A Swiss Navy Knife. A new article in Forbes about the failure of the F-35 aircraft system in terms of building a Ferrari points us toward the problem of seeking nails for hammers. Another failed weapons system signifies how national security could remain intact without waste and still save the economy from its MIC boondoggles.
Much like the submariner’s trope about only two things in the world, “submarines and targets”, more aircraft carriers are even less optimal when the profit centers for the US military are in littoral vessels.
Power projection will change with the proliferation of hypersonic weapons and more effective hybrid warfare. Maybe it’s better to divert the world’s largest military budget to more civilian matters.
The F-35 program will cost a total of 1.7 trillion dollars at the planned retirement of the F-35 in 2070. That amortizes to 24 billion dollars a year in annual costs. So we could… have saved this cash for 69 years and then cancel the current quantity of student loans today. https://t.co/ZUDnnRNlcJ
— Effy, Soldier of Great Sister's They/Them Army💙💛 (@EffInvictus) February 24, 2021
Politics within and among the services also leads to unnecessary performance parameters finding their way into the requirements. Where more than one service has a requirement for a given acquisition (for example, the F-35 Joint Strike Fighter), there is no incentive to cut out one desired performance parameter in favor of another. The more stakeholders invested in an acquisition and its requirements, the more likely the program will be given resources, and the harder it will be for Congress or the department to kill. As requirements creep out of control, the time to delivery slips further and further. The result? The military acquires capabilities that are often unimaginative, poorly conceived, or simply obsolete before they are ever deployed (assuming they are ever deployed at all).
The Defense Department’s complex acquisition system has three interrelated processes: requirements development (JCIDS), funding (Planning, Programming, Budgeting, and Execution System), and procurement (Defense Acquisition System). Below is a very confusing snapshot of how these three components are linked and how the entire acquisition system functions.
The U.S. Air Force’s top officer wants the service to develop an affordable, lightweight fighter to replace hundreds of Cold War-vintage F-16s and complement a small fleet of sophisticated—but costly and unreliable—stealth fighters.
The result would be a high-low mix of expensive “fifth-generation” F-22s and F-35s and inexpensive “fifth-generation-minus” jets, explained Air Force Chief of Staff Gen. Charles Brown Jr.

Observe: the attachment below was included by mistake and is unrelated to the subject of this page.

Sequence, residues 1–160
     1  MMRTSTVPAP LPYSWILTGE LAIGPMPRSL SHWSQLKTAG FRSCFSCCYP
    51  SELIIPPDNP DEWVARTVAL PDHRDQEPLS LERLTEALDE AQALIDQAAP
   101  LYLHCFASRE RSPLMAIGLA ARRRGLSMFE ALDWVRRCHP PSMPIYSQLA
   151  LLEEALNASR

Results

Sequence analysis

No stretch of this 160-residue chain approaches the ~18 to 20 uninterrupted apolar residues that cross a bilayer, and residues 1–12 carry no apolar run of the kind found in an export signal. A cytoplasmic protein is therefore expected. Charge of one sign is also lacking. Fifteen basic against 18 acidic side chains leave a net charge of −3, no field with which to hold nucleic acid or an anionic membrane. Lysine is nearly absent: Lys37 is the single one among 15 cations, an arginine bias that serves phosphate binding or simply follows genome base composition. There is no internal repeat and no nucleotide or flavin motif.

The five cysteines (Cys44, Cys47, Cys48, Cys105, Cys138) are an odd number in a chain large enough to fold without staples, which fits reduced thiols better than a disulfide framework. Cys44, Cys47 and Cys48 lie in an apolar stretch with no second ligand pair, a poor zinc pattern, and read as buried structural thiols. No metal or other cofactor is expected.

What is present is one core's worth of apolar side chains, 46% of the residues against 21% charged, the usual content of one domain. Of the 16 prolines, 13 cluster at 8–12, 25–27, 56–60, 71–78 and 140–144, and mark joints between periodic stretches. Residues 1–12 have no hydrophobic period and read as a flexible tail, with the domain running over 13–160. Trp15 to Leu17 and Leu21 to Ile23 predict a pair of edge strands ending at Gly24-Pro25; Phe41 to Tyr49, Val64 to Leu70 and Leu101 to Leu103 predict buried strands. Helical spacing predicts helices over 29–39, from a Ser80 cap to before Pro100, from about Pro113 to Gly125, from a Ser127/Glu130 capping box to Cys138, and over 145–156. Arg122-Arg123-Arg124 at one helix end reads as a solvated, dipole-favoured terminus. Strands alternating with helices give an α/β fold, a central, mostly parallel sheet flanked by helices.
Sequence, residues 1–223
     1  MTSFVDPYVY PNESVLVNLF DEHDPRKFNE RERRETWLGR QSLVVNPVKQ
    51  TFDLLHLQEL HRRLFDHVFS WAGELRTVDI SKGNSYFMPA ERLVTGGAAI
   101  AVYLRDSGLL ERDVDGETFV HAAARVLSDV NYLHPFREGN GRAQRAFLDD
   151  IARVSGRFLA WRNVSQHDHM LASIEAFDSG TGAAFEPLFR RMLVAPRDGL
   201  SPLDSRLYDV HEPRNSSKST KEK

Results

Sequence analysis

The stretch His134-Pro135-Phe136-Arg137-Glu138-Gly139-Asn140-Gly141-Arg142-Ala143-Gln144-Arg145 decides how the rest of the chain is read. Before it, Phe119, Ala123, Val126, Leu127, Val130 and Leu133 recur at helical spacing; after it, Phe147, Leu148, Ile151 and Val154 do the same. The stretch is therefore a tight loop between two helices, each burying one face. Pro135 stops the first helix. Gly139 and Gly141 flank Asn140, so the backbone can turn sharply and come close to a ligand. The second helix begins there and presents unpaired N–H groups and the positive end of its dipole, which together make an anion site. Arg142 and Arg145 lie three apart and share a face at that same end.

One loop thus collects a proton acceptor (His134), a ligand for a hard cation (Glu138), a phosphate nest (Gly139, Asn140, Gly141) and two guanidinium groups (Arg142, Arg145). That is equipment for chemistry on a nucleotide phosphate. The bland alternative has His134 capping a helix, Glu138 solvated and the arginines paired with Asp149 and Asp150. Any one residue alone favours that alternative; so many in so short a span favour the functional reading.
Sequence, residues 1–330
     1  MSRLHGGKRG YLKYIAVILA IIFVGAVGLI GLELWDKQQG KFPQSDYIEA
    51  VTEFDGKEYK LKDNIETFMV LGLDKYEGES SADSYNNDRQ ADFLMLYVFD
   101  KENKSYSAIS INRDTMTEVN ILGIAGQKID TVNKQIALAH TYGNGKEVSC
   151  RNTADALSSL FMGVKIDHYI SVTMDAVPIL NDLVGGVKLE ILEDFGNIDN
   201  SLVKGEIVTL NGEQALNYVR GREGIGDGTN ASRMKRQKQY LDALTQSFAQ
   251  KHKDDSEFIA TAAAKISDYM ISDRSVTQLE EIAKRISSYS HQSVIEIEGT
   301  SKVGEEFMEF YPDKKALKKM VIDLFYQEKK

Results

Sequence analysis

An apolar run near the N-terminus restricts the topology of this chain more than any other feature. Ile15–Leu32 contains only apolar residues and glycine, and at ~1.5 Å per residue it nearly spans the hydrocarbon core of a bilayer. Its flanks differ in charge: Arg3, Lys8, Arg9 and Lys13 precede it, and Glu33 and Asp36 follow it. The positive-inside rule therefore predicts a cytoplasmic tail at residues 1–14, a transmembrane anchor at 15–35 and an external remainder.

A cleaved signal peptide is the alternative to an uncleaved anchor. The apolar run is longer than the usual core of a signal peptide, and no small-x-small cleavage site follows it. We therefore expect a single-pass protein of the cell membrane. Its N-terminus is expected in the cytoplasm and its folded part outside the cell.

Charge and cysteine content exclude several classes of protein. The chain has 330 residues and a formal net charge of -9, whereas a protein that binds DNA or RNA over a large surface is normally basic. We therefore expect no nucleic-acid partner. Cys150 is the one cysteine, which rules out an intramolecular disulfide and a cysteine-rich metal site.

If that plan sounds familiar, it’s because the Air Force a generation ago launched development of an affordable, lightweight fighter to replace hundreds of Cold War-vintage F-16s and complement a small future fleet of sophisticated—but costly and unreliable—stealth fighters.
But over 20 years of R&D, that lightweight replacement fighter got heavier and more expensive as the Air Force and lead contractor Lockheed Martin LMT +0.1% packed it with more and more new technology.
Yes, we’re talking about the F-35. The 25-ton stealth warplane has become the very problem it was supposed to solve. And now America needs a new fighter to solve that F-35 problem, officials said.
— Forbes (@Forbes) February 23, 2021
"There’s been a sea change," @RHFontaine tells @nwadhams and @jendeben, "and the people who are going into the administration now just have a different mindset and a different approach to the China challenge." More: https://t.co/F23SPJVjek
— CNAS (@CNASdc) February 18, 2021
"Campbell founded #CNAS in 2007 with Michèle Flournoy, the former Pentagon official…Campbell is one of least 13 people affiliated with CNAS who have been hired by the new administration, according to a report released last week by" @revolvingdoorDC https://t.co/9x6gQ6RY8a
— CEPR (@ceprdc) February 16, 2021
Even if the Bradley Fighting Vehicle was the result of the same complicated procurement process it still remains an important part of military tactics especially in the complex battle space. Even if it was possible in Iraq to disable an Abrams A-1 main battle tank with a truck bomb, there is a need for an ensemble of weapons to “keep the peace”.
For Russia in particular, the tank is far from dead. In many likely conflict scenarios Russia’s tanks will not have to deploy very far from its borders, and in cases where they do such as Syria, the lighter weight of Russian Tanks, makes these deployments less of a logistical burden. Countries close to Russia such as Poland, may need tanks because they are a viable means of defeating other tanks, and in the most likely threat scenarios the Russians will come to them, so deploying over distance is unnecessary.
It could be argued that modern Infantry Fighting Vehicles (IFVs) are a credible alternative to the MBT for the UK. Many modern examples such as the CV90 Mk IV, and the Kurgants-25 with Epokha turret demonstrate a good balance of firepower and have utility in more scenarios than MBTs. The typical armament of modern IFVs including a cannon, machine guns and ATGMs enables the engagement of most targets that the vehicle is likely to encounter, including armour, and the vehicle is equally suited to dealing with infantry. The IFV’s lighter weight makes it less of a logistical burden and enables more rapid deployment to developing conflicts, and the attendant infantry dismounts offer a greater range of tactical possibilities than a tank’s heavy weaponry. In sum, the above is intended to indicate some of the factors that decide whether or not the tank is useful. It shows that the debate is not, and cannot be binary, nor is it limited to comparing gun and armour values and deciding a winner.